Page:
As unrest topples leaders and turns the political landscape of Middle Eastern and North African countries upsidedown, the future of study abroad programs in those regions rests on shaky ground.
Though the study abroad program at American University in Cairo is the only one to be suspended by the University, Bob Miles, associate dean for study abroad, said his office is closely monitoring countries other than Egypt.
"It is something we take very seriously," Miles said. "We are constantly taking note of what is happening."
Miles said future unrest and travel warnings from the state department could suspend other programs. But those scenarios are difficult to predict, he said, adding that two or three students' plans to study abroad in Egypt this summer might be canceled if the warning stays in place.
"These things are very difficult to predict," he said. "It is such a fast-moving situation."
The University does not have programs in Libya, Bahrain or Algeria, the countries Miles said pose the most immediate threat.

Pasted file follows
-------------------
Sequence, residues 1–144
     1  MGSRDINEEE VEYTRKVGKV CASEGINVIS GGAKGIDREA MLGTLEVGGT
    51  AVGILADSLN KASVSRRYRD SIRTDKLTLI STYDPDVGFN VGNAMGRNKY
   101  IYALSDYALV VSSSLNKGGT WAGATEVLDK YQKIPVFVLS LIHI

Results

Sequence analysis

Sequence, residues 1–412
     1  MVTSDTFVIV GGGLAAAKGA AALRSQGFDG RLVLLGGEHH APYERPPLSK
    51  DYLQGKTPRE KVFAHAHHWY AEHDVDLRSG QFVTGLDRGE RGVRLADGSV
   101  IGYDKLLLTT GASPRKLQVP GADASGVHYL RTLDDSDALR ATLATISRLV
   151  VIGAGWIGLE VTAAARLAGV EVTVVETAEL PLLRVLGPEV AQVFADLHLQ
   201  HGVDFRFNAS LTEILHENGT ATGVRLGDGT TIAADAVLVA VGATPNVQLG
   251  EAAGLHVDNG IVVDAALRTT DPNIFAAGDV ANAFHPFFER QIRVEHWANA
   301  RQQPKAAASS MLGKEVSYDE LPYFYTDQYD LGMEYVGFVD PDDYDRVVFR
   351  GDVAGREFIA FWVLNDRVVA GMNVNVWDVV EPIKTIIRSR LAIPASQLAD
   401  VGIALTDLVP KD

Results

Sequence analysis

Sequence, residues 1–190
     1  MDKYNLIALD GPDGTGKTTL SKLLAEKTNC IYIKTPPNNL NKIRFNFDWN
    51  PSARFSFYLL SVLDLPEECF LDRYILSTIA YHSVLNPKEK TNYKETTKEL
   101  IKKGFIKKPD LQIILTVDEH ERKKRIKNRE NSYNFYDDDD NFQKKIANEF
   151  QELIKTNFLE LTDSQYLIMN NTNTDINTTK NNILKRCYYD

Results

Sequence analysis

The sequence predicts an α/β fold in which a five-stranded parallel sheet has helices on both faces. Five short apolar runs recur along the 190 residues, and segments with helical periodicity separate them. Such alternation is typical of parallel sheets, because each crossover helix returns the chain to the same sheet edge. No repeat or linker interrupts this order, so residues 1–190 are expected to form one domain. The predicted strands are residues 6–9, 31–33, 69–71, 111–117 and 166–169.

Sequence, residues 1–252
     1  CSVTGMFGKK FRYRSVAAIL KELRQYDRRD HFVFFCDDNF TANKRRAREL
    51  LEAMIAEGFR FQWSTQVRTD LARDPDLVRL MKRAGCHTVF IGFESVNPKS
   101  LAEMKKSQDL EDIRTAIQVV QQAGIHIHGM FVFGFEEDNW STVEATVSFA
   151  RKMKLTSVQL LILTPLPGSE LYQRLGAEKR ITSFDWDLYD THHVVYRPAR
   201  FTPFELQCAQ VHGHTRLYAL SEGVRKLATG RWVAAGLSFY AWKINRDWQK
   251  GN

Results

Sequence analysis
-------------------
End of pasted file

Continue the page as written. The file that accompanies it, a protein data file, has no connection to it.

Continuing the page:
Miles said he recommends that students looking to travel to the region visit Jordan if they are interested in languages and to Israel or Morocco to study culture and politics.
While the suspension forced two students who were studying in Egypt to return early, it might spur others to consider taking classes on the region at UNC, said Kevin Hewison, director of the Carolina Asia Center.
"Things happening in the Middle East will increase interest in a positive way," he added.
Other Triangle and peer universities are also keeping a watchful eye on the region for their own study abroad programming.
N.C. State University and Duke University did not have students in Egypt, and Wake Forest University and the University of Virginia have asked their students to return.
Two of UVa.'s students have chosen to stay in the country with their exchange program.
At the University of Michigan-Ann Arbor, a peer university of UNC-CH's, the only student to remain in the country, an Egyptian native, decided to stay with a family member.
Marina Markot, associate director of study abroad for UVa., said she is worried about the fate of certain programs.
"We are very carefully watching Jordan and Morocco," she said.
Because of the constant changes, Miles said his department pays undivided attention to the region so it can act accordingly.
Nasser Isleem, an Arabic professor at UNC-CH, said he also tries to keep in contact with his students abroad.
He added that he is writing recommendation letters for students looking to study abroad in the Middle East in the near future.
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